At a gas station in Bragg Creek, I bought a copy of the Calgary Herald and threw it on the front seat of the car before heading into the Rockies. The first incarnation of that paper came out as a weekly in 1883. Of course, today it is also available in digital format.
Several hours later, when I flopped exhausted on a motel bed in Revelstoke after driving through two high Rocky Mountain passes, I was delighted to note the healthy condition of this historic paper. Along with news, it has lots of comics, crosswords, and book reviews.
The Calgary Herald is a survivor, as traditional newspapers fade into the past in our era of ubiquitous internet access and burgeoning numbers of smart phones. Propping myself on my pillows with the Herald spread out before me felt good. It was part of a long and comfortable tradition.
The Vancouver Sun is the hometown paper, and we still subscribe, even though it has grown thin, and even though as I travel to work, there are people in the train stations trying to give away both the Sun and the Province. Continuing to take the paper by subscription is our vote of support for professional journalists -- a dying breed, we sometimes fear. It's also a continuation of a long-held ritual: the morning paper and coffee.
The newspapers of Canadian cities have long histories, but their lives are increasingly threatened. While visiting Edmonton, I learned that The Edmonton Journal has just gone through another round of layoffs and is down to a tiny staff. In fact, some of their writing is now done in the Philippines. This helps the publication to stay alive as the paper experiences ever smaller profit margins.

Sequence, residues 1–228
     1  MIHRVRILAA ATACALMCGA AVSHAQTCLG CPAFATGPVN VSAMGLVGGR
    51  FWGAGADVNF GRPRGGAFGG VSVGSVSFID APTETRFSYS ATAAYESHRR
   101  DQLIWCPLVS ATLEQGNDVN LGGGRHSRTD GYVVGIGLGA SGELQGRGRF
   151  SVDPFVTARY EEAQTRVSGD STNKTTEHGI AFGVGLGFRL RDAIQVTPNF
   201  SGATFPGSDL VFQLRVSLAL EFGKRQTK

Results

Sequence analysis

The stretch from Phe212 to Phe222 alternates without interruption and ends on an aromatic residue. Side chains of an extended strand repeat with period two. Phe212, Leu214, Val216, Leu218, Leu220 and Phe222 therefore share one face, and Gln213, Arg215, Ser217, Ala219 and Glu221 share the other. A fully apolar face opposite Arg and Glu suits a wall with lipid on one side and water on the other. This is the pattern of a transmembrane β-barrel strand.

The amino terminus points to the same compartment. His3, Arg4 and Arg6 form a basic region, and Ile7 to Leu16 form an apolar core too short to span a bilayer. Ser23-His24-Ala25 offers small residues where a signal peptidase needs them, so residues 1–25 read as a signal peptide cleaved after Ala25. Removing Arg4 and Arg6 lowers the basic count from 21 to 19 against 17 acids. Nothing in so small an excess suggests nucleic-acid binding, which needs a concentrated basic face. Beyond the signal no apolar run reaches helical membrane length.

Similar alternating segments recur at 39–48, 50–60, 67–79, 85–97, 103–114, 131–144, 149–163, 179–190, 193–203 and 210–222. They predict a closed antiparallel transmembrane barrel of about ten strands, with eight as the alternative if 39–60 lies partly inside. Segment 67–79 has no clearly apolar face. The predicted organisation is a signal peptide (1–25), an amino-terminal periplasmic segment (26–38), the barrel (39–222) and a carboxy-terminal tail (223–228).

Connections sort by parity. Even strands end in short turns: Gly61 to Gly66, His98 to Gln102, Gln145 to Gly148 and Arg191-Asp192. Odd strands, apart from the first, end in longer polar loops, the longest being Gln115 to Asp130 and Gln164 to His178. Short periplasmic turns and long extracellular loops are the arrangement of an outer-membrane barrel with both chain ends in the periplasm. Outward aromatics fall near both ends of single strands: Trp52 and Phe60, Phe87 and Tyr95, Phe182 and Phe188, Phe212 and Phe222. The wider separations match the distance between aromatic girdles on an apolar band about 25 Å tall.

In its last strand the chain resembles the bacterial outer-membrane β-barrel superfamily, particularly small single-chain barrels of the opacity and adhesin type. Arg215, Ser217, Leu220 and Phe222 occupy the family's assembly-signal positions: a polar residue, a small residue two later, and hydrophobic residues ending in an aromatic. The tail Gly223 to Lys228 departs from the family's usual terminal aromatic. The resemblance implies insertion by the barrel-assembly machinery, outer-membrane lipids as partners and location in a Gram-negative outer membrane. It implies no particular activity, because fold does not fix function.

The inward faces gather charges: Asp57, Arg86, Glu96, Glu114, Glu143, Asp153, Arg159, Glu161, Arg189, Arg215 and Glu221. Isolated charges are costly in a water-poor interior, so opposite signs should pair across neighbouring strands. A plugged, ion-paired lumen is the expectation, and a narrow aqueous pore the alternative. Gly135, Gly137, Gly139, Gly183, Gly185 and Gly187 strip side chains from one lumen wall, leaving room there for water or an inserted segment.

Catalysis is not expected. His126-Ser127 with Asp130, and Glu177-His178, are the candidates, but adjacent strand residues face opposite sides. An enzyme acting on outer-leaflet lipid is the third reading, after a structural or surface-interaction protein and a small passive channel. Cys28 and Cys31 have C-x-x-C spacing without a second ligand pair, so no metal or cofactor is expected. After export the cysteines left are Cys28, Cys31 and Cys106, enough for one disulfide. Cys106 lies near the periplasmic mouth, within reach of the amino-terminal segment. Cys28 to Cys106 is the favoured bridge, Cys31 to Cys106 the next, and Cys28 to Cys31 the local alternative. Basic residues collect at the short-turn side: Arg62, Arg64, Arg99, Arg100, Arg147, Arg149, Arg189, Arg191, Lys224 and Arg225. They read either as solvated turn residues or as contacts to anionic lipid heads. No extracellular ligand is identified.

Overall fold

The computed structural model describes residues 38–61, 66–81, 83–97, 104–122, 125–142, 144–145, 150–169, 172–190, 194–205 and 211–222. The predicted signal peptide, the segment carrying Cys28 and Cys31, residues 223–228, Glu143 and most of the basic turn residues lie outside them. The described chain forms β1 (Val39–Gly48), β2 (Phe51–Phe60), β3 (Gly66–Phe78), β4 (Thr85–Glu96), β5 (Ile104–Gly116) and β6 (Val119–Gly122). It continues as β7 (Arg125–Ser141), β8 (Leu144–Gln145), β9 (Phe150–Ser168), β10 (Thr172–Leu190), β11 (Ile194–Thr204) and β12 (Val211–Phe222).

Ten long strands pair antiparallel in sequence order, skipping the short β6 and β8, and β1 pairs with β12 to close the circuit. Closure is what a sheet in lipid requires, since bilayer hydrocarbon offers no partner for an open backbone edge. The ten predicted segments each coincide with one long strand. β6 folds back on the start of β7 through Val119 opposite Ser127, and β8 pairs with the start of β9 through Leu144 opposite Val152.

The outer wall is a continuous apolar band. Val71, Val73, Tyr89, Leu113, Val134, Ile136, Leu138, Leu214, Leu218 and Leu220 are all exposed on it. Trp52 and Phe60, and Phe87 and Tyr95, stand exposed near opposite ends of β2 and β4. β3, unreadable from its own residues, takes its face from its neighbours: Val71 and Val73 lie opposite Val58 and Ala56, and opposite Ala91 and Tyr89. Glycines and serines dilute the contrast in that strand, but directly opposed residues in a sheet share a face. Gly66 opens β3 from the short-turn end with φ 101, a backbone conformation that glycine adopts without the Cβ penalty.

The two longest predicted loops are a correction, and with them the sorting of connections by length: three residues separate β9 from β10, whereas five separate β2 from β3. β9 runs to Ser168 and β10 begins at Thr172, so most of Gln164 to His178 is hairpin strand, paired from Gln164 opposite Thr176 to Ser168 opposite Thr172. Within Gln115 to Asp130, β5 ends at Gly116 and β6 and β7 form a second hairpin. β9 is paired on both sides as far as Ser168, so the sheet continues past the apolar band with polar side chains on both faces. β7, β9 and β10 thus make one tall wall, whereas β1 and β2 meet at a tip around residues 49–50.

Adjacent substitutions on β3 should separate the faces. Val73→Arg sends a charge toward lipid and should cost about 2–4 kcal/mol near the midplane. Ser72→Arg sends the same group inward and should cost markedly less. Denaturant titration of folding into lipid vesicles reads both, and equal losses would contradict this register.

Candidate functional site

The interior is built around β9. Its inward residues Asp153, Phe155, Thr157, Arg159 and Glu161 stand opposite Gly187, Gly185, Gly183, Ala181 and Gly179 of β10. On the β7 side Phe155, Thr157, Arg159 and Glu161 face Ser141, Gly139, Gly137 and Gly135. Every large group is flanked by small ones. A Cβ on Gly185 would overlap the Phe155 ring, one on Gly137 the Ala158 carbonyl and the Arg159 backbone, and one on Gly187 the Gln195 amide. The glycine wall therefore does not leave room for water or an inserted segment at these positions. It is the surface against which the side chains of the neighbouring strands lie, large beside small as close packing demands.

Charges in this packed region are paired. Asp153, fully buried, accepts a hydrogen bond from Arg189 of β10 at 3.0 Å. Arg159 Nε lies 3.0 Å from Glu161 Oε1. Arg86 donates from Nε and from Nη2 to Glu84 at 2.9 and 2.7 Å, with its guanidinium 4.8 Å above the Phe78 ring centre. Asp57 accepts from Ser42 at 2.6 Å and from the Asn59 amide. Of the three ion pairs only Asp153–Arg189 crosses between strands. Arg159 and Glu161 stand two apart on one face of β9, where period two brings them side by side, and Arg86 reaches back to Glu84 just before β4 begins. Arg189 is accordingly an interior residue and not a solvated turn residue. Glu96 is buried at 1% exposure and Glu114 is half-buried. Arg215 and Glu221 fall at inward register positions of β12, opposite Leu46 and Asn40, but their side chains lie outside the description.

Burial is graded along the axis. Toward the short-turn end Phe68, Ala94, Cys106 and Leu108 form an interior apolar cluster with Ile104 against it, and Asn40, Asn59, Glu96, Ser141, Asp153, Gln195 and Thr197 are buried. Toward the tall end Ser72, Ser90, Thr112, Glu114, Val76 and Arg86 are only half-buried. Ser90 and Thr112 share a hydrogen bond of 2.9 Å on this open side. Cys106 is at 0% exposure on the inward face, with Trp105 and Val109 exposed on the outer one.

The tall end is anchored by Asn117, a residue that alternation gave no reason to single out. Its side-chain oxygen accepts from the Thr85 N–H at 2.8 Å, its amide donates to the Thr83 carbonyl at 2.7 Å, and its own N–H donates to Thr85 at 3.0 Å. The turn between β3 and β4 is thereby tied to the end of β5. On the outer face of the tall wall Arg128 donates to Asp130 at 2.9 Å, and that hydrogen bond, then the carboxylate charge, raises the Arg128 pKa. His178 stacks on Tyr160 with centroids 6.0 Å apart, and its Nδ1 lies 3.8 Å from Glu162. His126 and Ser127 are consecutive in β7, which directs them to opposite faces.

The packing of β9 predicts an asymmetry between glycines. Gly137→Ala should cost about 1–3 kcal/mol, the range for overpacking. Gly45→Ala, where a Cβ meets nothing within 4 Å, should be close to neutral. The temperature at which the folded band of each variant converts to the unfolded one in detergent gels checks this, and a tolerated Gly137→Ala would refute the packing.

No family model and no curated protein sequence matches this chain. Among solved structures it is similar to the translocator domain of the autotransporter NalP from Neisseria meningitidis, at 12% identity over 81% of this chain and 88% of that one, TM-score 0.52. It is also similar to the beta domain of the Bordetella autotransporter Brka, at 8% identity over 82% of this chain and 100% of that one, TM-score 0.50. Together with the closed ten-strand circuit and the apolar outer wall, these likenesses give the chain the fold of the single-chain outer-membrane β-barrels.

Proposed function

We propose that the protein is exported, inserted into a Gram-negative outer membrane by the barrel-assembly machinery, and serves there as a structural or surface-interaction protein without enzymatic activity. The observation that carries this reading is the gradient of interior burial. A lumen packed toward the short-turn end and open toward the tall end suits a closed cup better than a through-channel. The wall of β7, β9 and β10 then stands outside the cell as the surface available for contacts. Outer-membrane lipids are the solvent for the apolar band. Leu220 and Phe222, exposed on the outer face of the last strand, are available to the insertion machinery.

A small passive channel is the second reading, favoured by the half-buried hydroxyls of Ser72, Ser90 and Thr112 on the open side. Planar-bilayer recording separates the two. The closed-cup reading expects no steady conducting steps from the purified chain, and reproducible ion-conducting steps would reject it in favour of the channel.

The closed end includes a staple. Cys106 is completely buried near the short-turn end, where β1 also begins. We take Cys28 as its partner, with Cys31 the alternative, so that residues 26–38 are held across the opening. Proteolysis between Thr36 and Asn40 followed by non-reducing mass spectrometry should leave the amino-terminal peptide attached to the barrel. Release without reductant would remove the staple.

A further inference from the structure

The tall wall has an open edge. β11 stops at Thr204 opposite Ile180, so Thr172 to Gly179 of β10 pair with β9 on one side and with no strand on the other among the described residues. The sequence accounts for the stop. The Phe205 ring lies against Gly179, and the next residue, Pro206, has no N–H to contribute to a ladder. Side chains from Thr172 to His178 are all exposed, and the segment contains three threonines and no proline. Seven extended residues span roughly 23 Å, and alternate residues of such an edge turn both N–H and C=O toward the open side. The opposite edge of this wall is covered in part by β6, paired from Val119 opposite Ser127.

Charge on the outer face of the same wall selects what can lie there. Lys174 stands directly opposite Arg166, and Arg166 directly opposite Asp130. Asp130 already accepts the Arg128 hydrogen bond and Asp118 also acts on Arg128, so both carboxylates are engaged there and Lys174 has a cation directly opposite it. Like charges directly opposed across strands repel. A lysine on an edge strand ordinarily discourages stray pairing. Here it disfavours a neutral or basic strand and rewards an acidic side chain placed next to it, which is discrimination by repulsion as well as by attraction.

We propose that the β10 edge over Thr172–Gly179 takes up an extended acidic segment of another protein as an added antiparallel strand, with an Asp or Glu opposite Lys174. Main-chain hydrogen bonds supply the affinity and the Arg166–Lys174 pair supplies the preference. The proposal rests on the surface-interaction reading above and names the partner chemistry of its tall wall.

What will happen to Canada's historic papers when the baby boomers die out? Will long-established papers like The Montreal Gazette, The Ottawa Citizen, The Globe and Mail and the Regina Leader-Post continue to publish paper editions?
Will The Telegram (St. John's) still be with us? This paper is very old: it began as the Evening Telegram in 1879 when Canada was only 12 years old and Newfoundland was still 70 years away from joining Confederation.
What will happen to Le Devoir, begun in 1910 by Henri Bourassa in Montreal? And what will be the future of The Winnipeg Free Press, established 1872, now that the meaning of free in its title has taken on a new shade?
Not so very long ago, there were hundreds of small newspapers in Canada, and almost as many owners. Now newspapers are owned by large conglomerates, and share a certain homogeneity. But that's already an old challenge. The current one is even more enormous.
When people no longer pay for papers, and advertisers turn to the internet, what will happen to journalists? Will aspiring writers still train in this field? Who will be the journalists of the future? Will they attempt to report the news in a balanced way? Will they follow a code of journalistic ethics? These are important questions.